Tuesday, September 14, 2010

Interview: A. S. King

I am very excited to host the very talented AS King today.  She is the author of The Dust Of 100 Dogs and the upcoming Please Ignore Vera Dietz. 

 I am excited to hear you have an upcoming Young Adult release. Please tell us about Please Ignore Vera Dietz.

ASK: Thank you so much for having me, Elie! I’m really excited about my next book, Please Ignore Vera Dietz, which comes out October 12, 2010.

The book is about Vera Dietz, a high school senior who has recently lost her best friend Charlie. The thing is, she knows a lot more about what led to his death than anyone, but she’s not telling. Four months before Charlie died, he completely screwed her over and started hanging out with the wrong crowd. But the secrecy started years before that—when they were just eleven years old. Threaded between the mystery of Charlie’s death is the story of Vera’s present day life—a mix of full-time job, a father who is too-Zen about everything, and a long-gone mother who has a colorful past. Oh. And there’s a talking pagoda.

2. In The Dust of 100 Dogs, Emer was an incredibly strong heroine. How does Vera compare? Does she have the same ferocity?
ASK: I think Vera is a strong heroine. She’s faced with a lot of things and confronts her responsibilities. That said, Emer was a character borne from a huge pile of 17th century adversity that Vera would never see in her lifetime. Really, it’s hard to compare any heroine to Emer. She’s in a world all her own, and ferocity is easy to attain when you’re living the life of a pirate. Please Ignore Vera Dietz takes place in modern day. Where Emer fought hard because she knew true love was out there somewhere, Vera already knows true love is dead. But where Emer lived lies when it was called for, Vera finds it hard to ignore the truth.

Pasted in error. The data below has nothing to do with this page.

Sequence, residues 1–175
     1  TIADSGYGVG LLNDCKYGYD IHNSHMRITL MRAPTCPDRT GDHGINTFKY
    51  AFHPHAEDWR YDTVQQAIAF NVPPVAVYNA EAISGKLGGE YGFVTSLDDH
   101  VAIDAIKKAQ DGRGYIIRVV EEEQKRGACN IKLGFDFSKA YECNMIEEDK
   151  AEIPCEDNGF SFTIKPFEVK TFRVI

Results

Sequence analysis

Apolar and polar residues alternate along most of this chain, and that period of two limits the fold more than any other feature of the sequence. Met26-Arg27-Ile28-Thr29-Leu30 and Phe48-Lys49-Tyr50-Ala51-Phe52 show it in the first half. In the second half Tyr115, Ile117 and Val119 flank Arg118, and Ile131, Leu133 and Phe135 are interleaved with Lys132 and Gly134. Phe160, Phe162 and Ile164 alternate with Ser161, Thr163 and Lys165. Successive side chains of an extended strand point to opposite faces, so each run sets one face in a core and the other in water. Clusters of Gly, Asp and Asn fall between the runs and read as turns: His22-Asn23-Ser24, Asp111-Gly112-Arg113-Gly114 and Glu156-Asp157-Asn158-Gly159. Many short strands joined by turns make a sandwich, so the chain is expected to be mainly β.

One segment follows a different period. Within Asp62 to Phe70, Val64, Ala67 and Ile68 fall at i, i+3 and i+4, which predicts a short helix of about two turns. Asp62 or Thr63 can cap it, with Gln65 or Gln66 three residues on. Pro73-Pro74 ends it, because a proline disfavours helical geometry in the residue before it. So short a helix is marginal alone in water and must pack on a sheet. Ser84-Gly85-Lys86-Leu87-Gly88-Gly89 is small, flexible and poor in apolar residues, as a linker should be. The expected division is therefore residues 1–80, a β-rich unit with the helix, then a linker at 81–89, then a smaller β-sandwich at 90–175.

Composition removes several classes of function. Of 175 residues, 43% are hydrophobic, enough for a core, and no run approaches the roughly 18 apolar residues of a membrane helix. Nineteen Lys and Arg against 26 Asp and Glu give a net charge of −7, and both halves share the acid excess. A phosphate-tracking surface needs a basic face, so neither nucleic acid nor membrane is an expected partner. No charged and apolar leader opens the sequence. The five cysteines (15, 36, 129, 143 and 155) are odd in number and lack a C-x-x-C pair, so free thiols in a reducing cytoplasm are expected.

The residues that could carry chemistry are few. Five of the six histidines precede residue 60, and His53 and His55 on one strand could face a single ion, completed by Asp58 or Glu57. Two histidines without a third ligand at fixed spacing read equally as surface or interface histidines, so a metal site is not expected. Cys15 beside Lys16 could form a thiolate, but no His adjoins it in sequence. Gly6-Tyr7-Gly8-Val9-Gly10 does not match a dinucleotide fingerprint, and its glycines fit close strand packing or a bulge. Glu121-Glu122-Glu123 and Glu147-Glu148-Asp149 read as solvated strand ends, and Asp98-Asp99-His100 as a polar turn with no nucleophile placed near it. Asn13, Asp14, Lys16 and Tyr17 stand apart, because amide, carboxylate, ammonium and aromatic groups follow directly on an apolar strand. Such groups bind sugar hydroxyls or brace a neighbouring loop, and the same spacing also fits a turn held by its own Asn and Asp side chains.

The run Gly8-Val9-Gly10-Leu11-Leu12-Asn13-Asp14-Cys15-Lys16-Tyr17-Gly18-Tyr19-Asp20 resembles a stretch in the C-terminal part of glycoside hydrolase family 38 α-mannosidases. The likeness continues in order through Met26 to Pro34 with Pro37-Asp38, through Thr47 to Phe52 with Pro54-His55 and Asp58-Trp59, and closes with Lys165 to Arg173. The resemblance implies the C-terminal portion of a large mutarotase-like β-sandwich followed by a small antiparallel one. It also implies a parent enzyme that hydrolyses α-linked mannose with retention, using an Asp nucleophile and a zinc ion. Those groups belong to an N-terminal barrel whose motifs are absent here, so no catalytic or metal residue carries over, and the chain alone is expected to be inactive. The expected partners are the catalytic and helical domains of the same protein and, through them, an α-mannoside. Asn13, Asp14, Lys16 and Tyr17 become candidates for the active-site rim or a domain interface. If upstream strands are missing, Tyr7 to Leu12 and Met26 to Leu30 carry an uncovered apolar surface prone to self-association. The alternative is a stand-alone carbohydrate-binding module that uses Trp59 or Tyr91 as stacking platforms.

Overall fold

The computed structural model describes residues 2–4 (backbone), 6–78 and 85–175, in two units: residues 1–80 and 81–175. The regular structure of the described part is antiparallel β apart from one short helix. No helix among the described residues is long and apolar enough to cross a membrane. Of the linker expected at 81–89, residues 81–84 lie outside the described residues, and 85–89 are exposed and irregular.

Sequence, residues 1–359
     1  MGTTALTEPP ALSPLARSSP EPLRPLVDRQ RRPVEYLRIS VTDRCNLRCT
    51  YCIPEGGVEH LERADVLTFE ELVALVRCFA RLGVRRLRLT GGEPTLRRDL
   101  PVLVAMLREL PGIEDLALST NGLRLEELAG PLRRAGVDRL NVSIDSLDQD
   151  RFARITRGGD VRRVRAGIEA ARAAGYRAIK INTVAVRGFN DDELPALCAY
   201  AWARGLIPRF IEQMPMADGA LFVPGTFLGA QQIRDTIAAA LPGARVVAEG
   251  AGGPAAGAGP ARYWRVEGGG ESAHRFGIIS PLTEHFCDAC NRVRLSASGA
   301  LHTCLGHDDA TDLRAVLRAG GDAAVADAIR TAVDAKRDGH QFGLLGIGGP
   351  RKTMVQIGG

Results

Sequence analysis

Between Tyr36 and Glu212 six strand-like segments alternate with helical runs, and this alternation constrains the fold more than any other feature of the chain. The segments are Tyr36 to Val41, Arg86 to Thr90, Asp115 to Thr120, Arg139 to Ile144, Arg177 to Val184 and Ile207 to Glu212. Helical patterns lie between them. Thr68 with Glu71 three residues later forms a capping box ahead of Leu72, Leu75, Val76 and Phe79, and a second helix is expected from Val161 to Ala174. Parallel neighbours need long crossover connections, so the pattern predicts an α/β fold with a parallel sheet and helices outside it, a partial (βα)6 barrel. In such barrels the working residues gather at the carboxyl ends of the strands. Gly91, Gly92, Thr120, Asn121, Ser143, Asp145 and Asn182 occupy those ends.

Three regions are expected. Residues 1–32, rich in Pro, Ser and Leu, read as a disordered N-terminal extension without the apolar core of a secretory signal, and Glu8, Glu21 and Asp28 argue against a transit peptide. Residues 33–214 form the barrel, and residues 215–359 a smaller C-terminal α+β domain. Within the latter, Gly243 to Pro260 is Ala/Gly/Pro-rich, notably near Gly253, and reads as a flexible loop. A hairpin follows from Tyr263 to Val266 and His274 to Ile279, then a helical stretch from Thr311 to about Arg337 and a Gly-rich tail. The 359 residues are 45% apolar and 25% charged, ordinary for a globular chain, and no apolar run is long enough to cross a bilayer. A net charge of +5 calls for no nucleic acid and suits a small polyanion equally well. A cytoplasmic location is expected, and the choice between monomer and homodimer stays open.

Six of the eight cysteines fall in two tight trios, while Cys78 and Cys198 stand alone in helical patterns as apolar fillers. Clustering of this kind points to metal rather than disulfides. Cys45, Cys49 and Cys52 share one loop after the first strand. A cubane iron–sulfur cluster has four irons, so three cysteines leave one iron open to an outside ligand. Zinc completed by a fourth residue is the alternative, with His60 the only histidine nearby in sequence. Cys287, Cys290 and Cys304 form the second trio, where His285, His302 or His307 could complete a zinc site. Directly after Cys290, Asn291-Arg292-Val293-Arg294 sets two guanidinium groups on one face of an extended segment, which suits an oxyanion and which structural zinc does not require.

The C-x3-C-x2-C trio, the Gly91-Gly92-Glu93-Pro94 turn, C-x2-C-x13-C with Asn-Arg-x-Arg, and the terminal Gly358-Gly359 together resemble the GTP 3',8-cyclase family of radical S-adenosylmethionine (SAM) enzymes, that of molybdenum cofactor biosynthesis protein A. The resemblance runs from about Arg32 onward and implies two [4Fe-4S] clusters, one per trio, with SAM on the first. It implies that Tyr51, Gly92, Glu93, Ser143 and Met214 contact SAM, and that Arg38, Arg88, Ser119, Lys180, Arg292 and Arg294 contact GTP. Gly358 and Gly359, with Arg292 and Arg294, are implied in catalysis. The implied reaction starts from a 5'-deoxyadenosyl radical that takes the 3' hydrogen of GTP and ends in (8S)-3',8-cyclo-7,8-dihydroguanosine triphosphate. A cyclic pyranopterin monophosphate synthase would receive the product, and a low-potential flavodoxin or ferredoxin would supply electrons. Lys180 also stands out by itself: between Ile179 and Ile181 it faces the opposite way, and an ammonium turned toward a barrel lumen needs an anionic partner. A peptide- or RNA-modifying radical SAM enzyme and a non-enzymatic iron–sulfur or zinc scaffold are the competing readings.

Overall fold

3. You lived in Ireland for nearly a decade. How did this experience influence or spur your writing?
ASK: Well, technically, it was moving to Ireland that started me writing novels. When I first got there, I couldn’t work unless I acquired papers that would have been very difficult to get. Add to that the fact that I really didn’t like what I was qualified to do (I was a master printer in darkrooms, and digital photography was being birthed right about then, too.) So, I started writing. When we made the decision to move to a more rural area, we thought for a long time about what direction we wanted to take. I knew I wanted to continue writing, so we chose to try self-sufficiency so I could continue to write full-time.

As for the actual books, The Dust of 100 Dogs had Irish history in it, but that is the only book that reflects my time in Ireland. The rest of my books are still really influenced by general life-stuff and my upbringing in rural Pennsylvania.

4. I heard you were a fan, so in the words of Kurt Vonnegut "I urge you to please notice when you are happy, and exclaim or murmur or think at some point, 'If this isn't nice, I don't know what is.'" When you started writing, did you expect this success and how do you feel about it now?
ASK: I have to admit: I have no idea that I am successful. I measure it by the ruler of the work, not the physical books. I don’t do this to get published books on shelves. I do this because I love making interesting books to read. While yes, it feels great to see a book on a shelf or to receive a royalty statement or a check in the mail, it’s still a far larger feeling of joy to make a story work. I am happiest when I am writing. I am happiest when I am challenged by my writing.

To answer your question more specifically, though, I’d have to say no. No, I did not expect to ever get published. By the time I’d written my seventh novel and saw no traditional publishing success from it, I’d been writing for about twelve years. It certainly does make me feel good that I have an outlet for my work now, and readers enjoy the stories I write. But I haven’t really caught up with that news yet or something.